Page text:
Rifles were quite expensive until the mid 19th century. They were the firearm most Americans *wanted*, I suspect, but affording one was another matter. The professional hunters could afford one as a tool of the trade--whether 18th century longhunters in the east or the mountain men of the fur trade. Those guys were *RICH* though. The ones who survived, anyway. And some officers could afford them. Lewis & Clark prized their limited supply, and mostly shunned the muskets. But it took the mass production of the Civil War and afterwards to make rifles an affordable tool for an average American. If you look at Winchester's 19th century production figures, you can see how fast they outsold handguns.

Military muskets were also not too common in private hands prior to the great surplus after the CW. They were bulky, heavy, and ate a ton of expensive powder and lead. So when you see early reports complaining about how few militiamen had muskets, you have to remember those guys are talking about MUSKETS, not just firearms in general. A musket is a military firearm of large caliber that above all can mount a bayonet. Plenty of officers of the day believed that unless you could stick a bayonet on it, it wasn't fit for infantry service. A bunch of farmers showing up with scatterguns would have caused many a facepalm.

Fine fowlers were also around, but though smoothbore if you wanted one suitable for shooting-flying, you'd want to have it made by a specialist and properly balanced for the task. That meant a light but strong barrel and all the fitting requirements associated with fine shotguns. In other words--they weren't cheap.

Really, the national firearm of choice (and necessity) prior to the CW was the humble scattergun, trade gun or barn gun. It could be dressed up to look like a rifle, or left in crude stock. But it got the job done well enough. And it didn't take a master smith or cost a fortune to make one. It was usually .60 cal or less and didn't eat an excess amount of powder or shot.

So a more accurate image of the typical early American frontiersman would not be the man in buckskins with his rifle, but the farmer in cotton with his dogs, axe and disreputable looking smoothbore firelock. A quick trip to GB will still find a ton of these old pieces for sale, many or most of them converted over to caplock in the 19th century by the children or grandchildren of the original owners. They don't cost much because they have no provenance and weren't made by any famous smith. And they're not exactly in prime condition LOL These guns got USED. To scare off bears, fill the meat bag, and defend the house. Decade after decade. Until finally tossed in the barn or attic and replaced by some new factory repeater. If only they could speak, the stories they'd tell would be a heck of a lot more interesting than most of the fine rifles and presentation pieces you'll be likely to find in museums.

alsaqr
June 13, 2012, 05:09 PM
The link to the court arguments no longer works.

Bellesiles passed off a piece of fiction as historical research. More importantly, his peers in higher education bought the story hook, line and sinker. Bellesiles won the Bancroft prize for literary work. It soon started to unravel and Bellesiles was forced to resign his position at Emory University.

http://old.nationalreview.com/seckora/seckora102802.asp

The Bellesiles scandal is attracting media attention in the US, but it has barely shown up on Canadian radar. Michael Bellesiles, an historian at Emory University in Atlanta, won the prestigious Bancroft Prize in 2001, but he has now been forced to resign from his university position, because charges of "fraud" and "intentional deception."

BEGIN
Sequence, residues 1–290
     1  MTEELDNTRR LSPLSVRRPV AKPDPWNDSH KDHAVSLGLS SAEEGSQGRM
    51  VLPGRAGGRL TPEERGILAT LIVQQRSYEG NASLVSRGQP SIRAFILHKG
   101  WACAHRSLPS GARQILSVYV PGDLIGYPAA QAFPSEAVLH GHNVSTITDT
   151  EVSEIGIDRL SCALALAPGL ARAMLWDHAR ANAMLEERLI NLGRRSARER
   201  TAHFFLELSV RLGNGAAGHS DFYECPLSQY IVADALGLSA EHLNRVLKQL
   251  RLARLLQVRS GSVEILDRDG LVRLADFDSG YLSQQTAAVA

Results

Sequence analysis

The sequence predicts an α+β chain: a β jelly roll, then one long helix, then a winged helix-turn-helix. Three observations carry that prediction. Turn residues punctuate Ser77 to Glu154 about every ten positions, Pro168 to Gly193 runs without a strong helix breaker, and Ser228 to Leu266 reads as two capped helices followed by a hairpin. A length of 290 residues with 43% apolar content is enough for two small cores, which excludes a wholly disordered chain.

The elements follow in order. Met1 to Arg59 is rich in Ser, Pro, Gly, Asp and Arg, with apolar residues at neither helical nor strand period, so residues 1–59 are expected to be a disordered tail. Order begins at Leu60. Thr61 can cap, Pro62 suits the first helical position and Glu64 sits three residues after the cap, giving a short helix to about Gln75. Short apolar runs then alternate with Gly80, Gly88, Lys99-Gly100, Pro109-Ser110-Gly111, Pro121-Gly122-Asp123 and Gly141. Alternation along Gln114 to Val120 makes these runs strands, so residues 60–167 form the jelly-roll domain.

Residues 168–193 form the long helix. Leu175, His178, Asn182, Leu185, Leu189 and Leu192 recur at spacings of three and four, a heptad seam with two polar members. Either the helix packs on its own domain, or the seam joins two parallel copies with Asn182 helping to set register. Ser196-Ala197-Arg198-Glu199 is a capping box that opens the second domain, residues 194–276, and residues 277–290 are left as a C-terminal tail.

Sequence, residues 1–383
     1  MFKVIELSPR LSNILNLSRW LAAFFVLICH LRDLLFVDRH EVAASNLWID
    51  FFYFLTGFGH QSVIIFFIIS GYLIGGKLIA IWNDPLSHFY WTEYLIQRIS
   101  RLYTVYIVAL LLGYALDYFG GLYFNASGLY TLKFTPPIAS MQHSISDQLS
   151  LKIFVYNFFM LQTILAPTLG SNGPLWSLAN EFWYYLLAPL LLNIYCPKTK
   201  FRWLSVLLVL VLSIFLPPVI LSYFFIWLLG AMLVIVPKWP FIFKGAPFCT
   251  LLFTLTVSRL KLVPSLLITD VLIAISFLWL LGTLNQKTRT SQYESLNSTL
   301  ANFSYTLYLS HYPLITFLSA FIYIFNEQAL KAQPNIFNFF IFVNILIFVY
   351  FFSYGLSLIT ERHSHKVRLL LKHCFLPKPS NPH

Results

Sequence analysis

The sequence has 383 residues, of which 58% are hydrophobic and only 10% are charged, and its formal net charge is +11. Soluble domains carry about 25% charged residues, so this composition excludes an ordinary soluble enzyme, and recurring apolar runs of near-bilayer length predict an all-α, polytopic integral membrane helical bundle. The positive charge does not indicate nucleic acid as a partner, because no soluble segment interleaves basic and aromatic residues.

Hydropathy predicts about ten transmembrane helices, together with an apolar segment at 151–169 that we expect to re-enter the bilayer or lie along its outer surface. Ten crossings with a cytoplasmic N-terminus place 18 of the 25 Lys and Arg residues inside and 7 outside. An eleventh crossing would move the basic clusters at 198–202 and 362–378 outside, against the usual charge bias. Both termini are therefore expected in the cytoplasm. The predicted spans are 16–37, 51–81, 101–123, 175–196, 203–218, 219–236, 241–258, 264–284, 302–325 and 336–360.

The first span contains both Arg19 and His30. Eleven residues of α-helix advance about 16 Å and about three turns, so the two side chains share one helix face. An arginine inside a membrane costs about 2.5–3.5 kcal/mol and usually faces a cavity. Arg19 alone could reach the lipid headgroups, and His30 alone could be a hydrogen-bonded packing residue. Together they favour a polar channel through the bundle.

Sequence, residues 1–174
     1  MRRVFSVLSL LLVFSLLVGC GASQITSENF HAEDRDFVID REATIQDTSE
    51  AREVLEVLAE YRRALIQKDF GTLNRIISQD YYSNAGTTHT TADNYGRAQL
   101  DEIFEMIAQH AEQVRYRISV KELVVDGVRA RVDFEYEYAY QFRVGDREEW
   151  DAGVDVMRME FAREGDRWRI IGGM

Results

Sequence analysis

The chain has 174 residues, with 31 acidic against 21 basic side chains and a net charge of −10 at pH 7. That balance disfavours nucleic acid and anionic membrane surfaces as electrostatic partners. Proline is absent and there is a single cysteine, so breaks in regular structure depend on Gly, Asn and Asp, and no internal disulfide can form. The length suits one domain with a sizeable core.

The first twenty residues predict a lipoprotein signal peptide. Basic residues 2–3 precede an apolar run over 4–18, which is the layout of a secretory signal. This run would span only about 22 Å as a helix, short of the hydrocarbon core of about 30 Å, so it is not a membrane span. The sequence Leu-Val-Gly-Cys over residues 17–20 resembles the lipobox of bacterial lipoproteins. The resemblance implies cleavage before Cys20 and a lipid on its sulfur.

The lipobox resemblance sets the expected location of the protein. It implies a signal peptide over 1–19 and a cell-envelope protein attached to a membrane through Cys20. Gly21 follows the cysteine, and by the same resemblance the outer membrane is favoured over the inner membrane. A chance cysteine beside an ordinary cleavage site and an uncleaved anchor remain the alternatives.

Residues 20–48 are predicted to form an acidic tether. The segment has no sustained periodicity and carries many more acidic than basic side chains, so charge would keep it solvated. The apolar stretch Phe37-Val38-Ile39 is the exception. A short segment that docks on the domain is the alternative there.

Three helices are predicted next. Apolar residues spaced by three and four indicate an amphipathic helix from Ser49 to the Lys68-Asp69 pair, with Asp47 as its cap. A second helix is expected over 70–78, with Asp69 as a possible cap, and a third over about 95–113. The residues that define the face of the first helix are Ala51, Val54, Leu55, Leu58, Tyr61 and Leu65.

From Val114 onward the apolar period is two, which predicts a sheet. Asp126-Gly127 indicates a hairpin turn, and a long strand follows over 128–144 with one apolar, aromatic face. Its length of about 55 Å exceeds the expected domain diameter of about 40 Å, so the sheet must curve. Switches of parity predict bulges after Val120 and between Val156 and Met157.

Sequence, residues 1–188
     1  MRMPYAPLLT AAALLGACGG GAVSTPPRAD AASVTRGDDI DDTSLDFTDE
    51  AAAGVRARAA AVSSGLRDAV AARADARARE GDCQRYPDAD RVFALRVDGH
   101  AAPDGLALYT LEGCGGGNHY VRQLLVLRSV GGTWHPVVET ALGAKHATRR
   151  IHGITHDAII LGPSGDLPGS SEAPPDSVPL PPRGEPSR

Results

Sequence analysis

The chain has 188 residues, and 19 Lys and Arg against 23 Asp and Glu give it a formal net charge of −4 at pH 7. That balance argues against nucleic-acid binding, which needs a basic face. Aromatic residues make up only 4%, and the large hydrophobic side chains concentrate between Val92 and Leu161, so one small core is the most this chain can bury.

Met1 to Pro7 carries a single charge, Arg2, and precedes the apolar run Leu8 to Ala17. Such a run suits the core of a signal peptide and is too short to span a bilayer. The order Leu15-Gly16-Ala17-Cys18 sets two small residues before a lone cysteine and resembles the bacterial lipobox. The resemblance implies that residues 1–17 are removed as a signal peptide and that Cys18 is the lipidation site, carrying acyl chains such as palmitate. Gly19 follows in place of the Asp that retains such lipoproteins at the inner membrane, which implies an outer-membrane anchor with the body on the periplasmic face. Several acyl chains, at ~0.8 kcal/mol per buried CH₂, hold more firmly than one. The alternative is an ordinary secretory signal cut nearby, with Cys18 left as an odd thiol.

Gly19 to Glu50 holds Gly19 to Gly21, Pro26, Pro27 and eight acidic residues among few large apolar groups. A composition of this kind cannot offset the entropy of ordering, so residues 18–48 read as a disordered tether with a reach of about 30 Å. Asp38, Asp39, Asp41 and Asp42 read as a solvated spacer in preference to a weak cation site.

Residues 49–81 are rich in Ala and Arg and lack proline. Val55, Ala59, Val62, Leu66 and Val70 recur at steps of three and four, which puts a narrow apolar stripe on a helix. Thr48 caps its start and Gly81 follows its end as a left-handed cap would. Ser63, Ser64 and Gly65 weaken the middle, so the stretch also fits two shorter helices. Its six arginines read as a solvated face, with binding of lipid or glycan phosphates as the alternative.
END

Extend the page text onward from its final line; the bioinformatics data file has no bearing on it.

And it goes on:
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In 2000, Bellesiles was being fawned upon by academic and popular critics alike for his book Arming America: the Origins of a National Gun Culture. Peter Onuf, the author of Jefferson’s Empire, opined that "Michael A. Bellesiles moves to the front rank of American historians with this deeply researched, brilliantly argued, energetically written, and timely book." Robert J. Spitzer, author of The Politics of Gun Control, claimed the book was, "Meticulously, even extravagantly, researched,…" Michael Zuckerman, the author of Peaceable Kingdoms even said, "This is stunning history, brilliantly argued. It throws into a cocked hat our most cherished assumptions about guns and gun culture in early America." Today, these critics are silently eating crow.

What was all the fuss about? In his book, Bellesiles claimed to have examined over 11,000 probate records between 1765 and 1850 and found a surprisingly small number of firearms. He concluded that firearm ownership was less widespread than previously believed, so that, before the 1860s, a widespread "gun culture" didn’t exist. More provocatively, he claimed that the onset of the US Civil War, and the rapid growth of the arms industry, gave birth to the distinctive American gun culture. If true, this would undercut the myth of the American "minuteman" who plays an important role in American political theory.

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Worse was in store. When the records were checked further, many of the records Bellesiles claimed existed couldn’t be found. When asked, he had various excuses, each more implausible than the ones he’d used earlier. All however were variations of ‘the dog ate my homework.’

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Particularly troubling, archives where Bellesiles claimed to have taken extensive notes had no record he’d ever been there. His goose was cooked when he was confronted with claiming to have studied records that were lost in the great San Francisco earthquake and fire of 1906.

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Academics such as professor Bordua argue that the ease with which his book was accepted by academics is even more shocking than Bellesiles' deficient scholarship. How could anyone be awarded the Bancroft Prize without any serious effort being made to corroborate his research? The real scandal is that not that a professor would conduct fraudulent work, but that his peers accepted it. The most plausible explanation is that ideologues believe the end justifies the means.